Over the last several years, I've spent a considerable amount of time and energy griping about my work schedule.  I work two jobs on top of trying to write and keep up with family, house keeping, and the like.  When I first started, especially, I had three jobs (two part time online teaching gigs) and with all the class development I had to do, I was easily working 60-70 hour weeks before writing.  A couple years ago, I was able to pick up some extra classes at the full university level, so I was blessedly able to drop the community college teaching (which was a lot of work and paid poorly).  But still, I've devoted a lot of time and effort to complaining and resenting every minute of those jobs and the stress that they caused that kept me from my writing.  Because, by God, I don't want to DO anything else.

Today I'm having a bit of an epiphany about the gift I've been given by having such a demanding schedule for the last six years.  I mean, apart from the obvious about getting us out of debt, building a bit of a nest egg, buying a house, renovating that house, selling said house, buying bigger nicer house stuff.  What I'm thinking about today has nothing to do with those monetary benefits of working all those extra hours.  No, the thing I'm most grateful for out of this experience is the discipline.

I keep an insane schedule.  I exercise daily, have my full time research job, teach my classes, walk my dogs, write, cook almost everything from scratch in our gluten free household, watch a little TV, hang with my hubby, maintain a cooking blog, engage in social media...the list goes on, and on, and on.  

Routinely people refer to me as Superwoman and ask how I do so much.  


I've seen other writers flounder over the last few years because they lack it.  They don't have a rigid structure imposed on their day by a day job or kids' schedules or whatever external thing.  And without having a frame, they somehow manage to get less done than I do in my limited span.  Days might go by when they don't write at all.  Some of the writers who were around when I began this professional journey aren't even around anymore.  Which is just sad, because some of them were super talented.  But talent only gets you so far in this business.  Discipline gets you the rest.  It's what separates the pros from the amateurs.  And discipline is not something most people are born with.  Discipline must be learned, just like craft or dialogue or story structure or any of the other oodles of things that go into writing a viable and engaging book.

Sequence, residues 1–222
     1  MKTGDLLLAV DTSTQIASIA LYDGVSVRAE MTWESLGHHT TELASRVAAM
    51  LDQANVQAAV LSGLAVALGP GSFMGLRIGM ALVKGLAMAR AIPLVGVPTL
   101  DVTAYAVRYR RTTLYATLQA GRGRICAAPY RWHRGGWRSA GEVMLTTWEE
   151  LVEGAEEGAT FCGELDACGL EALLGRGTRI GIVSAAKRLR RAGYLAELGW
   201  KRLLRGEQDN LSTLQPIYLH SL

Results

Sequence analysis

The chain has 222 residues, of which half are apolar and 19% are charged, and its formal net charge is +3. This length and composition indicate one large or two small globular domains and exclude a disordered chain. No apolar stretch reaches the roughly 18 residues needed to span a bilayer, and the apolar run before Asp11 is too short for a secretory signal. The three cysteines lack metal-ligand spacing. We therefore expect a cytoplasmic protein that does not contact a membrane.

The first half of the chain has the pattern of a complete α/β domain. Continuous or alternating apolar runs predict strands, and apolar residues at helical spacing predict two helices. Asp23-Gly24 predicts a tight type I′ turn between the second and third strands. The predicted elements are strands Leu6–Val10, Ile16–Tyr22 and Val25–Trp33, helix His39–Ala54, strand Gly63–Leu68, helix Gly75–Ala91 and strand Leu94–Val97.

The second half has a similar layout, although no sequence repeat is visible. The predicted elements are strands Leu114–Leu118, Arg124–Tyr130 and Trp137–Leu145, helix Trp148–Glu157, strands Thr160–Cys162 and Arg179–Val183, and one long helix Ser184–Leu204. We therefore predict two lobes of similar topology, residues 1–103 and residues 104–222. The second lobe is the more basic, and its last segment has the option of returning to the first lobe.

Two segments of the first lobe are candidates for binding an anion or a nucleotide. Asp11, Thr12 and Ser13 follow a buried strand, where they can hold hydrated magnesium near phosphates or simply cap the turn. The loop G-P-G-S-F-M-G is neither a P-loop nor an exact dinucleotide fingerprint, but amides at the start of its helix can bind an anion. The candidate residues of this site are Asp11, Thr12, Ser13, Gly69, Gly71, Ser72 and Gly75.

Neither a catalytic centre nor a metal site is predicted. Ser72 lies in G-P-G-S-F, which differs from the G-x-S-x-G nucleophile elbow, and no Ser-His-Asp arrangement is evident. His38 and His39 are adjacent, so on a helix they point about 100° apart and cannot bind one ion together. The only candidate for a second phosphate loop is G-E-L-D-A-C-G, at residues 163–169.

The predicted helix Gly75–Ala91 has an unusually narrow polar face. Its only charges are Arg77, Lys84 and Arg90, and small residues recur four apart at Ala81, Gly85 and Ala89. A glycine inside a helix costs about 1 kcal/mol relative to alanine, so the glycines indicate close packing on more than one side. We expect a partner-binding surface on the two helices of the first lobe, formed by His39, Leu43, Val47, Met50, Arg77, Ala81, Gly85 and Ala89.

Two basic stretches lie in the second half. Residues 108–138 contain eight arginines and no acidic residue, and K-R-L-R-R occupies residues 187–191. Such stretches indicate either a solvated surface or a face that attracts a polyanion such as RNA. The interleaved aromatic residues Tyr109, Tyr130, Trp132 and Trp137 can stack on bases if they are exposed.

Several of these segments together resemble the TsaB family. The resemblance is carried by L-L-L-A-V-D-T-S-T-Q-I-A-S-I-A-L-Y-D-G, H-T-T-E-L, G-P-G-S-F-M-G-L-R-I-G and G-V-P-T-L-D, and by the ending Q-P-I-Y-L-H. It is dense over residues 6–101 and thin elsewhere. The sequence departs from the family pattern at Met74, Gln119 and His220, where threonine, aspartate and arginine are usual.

Discipline is the gift I've been given from all of my jobs and responsibilities.  And as much as I don't want to go on like this forever (fingers crossed), I am grateful for the time I have had in this crucible, honing my ability to juggle, to focus, to produce, no matter how little time I have to spend.  Because whenever I do finally get blessed by the ability to quit my jobs and write full time, I'll be able to take those skills and apply them to running my own business.

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